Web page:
Monday, January 09, 2017

Quote: Christina Sharpe

"What does it mean to return? Is return possible? Is it desired? And if it is, under what conditions and for whom? The haunt of the ship envelops and persists in the contemporary. French President François Hollande 'returned' when he began his trip to the Antilles on May 10, 2015, with a visit to Guadeloupe for the opening ceremony and the dedication of a 'museum and memorial site to honour the memory of slaves and their struggles in the French Caribbean island Guadeloupe,' the 'first of its kind by France to remember those who suffered during the slave trade.' The Memorial ACTe, housed in a former sugar factory in the Guadeloupian city of Pointe-à-Pitre, is called 'a place of remembrance and reconciliation' and described as 'a Caribbean centre on the expression and memory of slavery and the slave trade.'"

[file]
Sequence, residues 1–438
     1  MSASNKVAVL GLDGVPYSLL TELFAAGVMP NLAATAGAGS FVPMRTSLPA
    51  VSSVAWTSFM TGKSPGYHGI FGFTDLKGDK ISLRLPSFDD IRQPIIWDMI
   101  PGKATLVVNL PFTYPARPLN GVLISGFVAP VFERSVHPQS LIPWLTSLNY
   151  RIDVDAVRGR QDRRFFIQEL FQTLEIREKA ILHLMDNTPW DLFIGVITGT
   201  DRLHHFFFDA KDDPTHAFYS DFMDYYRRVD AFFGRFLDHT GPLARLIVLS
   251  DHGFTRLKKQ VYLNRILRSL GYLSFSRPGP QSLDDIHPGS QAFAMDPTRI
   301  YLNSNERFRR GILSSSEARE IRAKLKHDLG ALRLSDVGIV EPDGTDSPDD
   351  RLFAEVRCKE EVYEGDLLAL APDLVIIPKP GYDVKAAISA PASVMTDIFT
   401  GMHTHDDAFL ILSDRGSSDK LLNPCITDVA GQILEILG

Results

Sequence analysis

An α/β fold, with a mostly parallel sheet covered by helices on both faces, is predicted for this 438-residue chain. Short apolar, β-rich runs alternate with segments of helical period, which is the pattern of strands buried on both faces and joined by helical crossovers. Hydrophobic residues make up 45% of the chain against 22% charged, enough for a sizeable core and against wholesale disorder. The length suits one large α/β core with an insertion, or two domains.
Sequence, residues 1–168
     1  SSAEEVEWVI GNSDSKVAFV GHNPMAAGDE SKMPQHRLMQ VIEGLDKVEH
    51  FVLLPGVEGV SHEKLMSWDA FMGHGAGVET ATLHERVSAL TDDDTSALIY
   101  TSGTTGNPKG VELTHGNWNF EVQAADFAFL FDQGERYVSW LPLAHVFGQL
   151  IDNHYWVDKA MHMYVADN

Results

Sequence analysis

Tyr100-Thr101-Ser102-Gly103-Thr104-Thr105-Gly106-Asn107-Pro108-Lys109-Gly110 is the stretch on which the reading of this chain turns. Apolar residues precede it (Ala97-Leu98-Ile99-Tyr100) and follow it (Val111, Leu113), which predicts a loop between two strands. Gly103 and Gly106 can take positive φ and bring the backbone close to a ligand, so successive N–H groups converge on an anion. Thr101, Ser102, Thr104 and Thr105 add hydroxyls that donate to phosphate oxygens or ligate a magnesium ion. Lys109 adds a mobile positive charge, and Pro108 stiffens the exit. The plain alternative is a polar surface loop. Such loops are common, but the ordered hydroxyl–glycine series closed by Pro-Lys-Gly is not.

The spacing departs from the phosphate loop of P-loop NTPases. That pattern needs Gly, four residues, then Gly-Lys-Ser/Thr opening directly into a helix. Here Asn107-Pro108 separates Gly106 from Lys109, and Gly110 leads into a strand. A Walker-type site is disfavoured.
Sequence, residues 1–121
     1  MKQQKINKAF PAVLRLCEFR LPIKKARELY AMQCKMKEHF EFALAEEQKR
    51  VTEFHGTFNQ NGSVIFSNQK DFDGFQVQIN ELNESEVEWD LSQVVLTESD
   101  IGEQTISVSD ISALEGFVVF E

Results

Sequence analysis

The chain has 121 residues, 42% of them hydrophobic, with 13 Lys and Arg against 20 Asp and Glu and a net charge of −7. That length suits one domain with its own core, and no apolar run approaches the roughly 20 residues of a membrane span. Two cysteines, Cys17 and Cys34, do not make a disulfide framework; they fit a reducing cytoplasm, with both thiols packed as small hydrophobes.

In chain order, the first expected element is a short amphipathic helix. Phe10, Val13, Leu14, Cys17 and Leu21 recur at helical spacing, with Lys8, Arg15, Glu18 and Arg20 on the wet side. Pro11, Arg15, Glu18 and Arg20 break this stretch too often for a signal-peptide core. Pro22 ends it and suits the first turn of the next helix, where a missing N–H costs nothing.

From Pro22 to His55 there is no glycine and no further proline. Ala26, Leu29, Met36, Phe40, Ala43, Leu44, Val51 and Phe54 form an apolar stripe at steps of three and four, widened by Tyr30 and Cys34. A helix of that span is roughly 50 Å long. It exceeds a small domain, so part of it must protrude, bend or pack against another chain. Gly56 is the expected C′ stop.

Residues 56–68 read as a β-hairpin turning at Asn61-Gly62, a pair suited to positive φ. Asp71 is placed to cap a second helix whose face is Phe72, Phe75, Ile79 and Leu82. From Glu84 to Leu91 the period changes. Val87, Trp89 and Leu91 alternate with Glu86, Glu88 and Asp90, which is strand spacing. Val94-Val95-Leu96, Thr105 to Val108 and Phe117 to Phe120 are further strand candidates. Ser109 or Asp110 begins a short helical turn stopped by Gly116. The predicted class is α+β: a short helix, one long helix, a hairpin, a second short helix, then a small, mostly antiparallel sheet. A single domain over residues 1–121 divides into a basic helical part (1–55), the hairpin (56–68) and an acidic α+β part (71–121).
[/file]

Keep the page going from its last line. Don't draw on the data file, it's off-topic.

"Hollande's visit to the site spotlighted, for those who would not and did not know, the ongoing reparation claims made by descendants of enslaved peoples in Guadeloupe, in Haiti, Cuba, and all over the Caribbean. And while in 2013, Hollande acknowledged France's 'debt' to Africa because of slavery and the 'baneful role played by France,' he added that this history 'cannot be the subject of a transaction.' Unless, of course, that transaction benefits France (like the indemnity Haiti was forced to pay) through trade and other contracts and 'investments.' But what is a moral debt? How is it paid? Is it that Black people can only be the objects of transactions and not the beneficiares of one, historical or not?"
-- Christina Sharpe, from In the Wake: On Blackness and Being, Durham: Duke University Press, 2016, p. 60.

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